You may have lived your entire life thinking that a good Champagne only has one age. If you’re buying non-vintage wine, you may not have even heard of Disgorgement dates. Recording the disgorgement date wasn’t done until Bollinger’s own Madame Bollinger had the flash of inspiration to do it. The year was 1967 and drinking old vintages was not in vogue. This didn’t stop her from marketing their recently disgorged 1952 bottle as an Extra Brut. Low dosage Champagne was also fighting the tide at the time. Proving to the world that an old vintage with a recent disgorgement can outshine anything on the market shows what a genius Madame Bollinger really was. A wine that’s been given the luxury of time to sit, and only just recently disgorged, means you can experience its full expression of aromas from its contact on the lees, as well as the flavours of a more youthful vintage. It changed both the Bollinger style and the Champagne world forever.
This is the key to the success of the R.D. Cuvée. Shortly after its disgorgement, their 2007 vintage has been brought to bear, and has taken all its queues from the legacy of its 1952 counterpart. Very few vintages pass muster to be up to the standard for R.D and even when they are, only a limited amount of bottles are produced, each lovingly by hand.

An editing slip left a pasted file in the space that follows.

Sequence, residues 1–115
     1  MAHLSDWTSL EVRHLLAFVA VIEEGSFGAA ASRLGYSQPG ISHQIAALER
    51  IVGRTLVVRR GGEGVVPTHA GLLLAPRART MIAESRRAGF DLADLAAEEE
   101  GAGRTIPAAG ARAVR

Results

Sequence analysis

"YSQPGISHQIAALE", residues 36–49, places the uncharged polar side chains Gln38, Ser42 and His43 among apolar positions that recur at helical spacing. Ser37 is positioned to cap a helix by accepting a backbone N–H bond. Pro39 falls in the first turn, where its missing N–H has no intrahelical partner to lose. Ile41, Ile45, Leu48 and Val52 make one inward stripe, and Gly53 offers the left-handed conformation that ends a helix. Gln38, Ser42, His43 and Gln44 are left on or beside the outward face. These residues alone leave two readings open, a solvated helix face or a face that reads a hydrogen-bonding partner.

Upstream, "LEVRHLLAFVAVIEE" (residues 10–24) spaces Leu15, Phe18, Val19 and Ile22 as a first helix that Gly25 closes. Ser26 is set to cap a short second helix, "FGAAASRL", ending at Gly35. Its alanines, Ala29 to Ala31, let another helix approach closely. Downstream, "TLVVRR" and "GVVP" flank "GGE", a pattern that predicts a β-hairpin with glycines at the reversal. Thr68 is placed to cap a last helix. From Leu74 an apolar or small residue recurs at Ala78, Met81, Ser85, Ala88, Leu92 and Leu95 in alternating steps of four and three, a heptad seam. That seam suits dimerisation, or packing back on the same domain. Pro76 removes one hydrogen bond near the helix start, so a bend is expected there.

“The 2007 vintage of the R.D. Cuvée embodies the House’s dedication to hard work and Madame Bollinger’s vision,” says Charles-Armand de Belenet General Manager of Champagne Bollinger. “It underscores our belief in the authenticity of our expertise. The contrast between freshness on the palate and the spicy aromatic intensity of Bollinger R.D. 2007 brings a new experience of the cuvée to lovers of fine wine.”
Champagne can sit on its lees for years, remaining fresh as the yeast is able to absorb any rogue oxygen. During this time, it slowly matures and develops complexity. Once it has aged, the bottles are rotated in what’s called riddling, to loosen the sediment. Disgorgement is then done to remove this sediment after it has collected in the neck. It can be done either by skillful hand or by machine. Despite machines doing this via a freezing process four times faster than people can, Bollinger has kept the tradition of doing it by hand alive, made only a little easier by the fact that this process is reserved for very rare vintages.
Once the bottle has been disgorged, it will then begin to age. Knowing the date of disgorgement tells you so much about how much life the Champagne still has, and its profile will evolve substantially after just a year or two. For example, a late disgorgement from five years ago may taste creamier and complex while a new disgorgement will be more fresh and youthful.
2007 was an interesting year, as it was one of the earliest harvests in a century, and the grapes themselves were magnificent. The contrast between the intensity of the spicy aromas, the notes of fruit, brioche and honey, and the wine’s freshness makes for a rare tasting experience of this vibrant cuvée.